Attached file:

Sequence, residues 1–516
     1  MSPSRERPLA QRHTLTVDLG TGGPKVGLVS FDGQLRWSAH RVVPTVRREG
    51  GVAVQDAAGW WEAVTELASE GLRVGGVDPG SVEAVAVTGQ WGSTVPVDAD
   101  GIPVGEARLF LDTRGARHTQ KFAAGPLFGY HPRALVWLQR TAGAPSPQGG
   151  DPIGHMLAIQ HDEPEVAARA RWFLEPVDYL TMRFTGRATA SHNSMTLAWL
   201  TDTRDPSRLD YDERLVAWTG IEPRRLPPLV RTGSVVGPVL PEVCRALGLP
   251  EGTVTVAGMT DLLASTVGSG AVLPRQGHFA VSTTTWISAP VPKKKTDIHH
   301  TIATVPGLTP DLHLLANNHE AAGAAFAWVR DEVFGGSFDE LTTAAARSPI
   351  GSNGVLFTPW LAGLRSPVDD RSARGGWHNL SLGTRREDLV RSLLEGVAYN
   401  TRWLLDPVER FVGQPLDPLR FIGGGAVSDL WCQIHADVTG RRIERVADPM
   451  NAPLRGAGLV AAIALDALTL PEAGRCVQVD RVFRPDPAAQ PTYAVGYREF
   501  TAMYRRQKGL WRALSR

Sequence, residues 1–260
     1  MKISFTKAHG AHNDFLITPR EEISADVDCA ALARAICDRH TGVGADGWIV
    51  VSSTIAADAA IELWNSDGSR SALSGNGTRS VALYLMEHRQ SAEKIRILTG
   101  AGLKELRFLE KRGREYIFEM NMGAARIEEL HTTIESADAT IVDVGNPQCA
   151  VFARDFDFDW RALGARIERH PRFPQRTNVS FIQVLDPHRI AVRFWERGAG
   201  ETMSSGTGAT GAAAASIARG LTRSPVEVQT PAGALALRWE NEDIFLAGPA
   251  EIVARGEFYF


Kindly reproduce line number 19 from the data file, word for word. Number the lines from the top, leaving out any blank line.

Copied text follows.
   251  EIVARGEFYF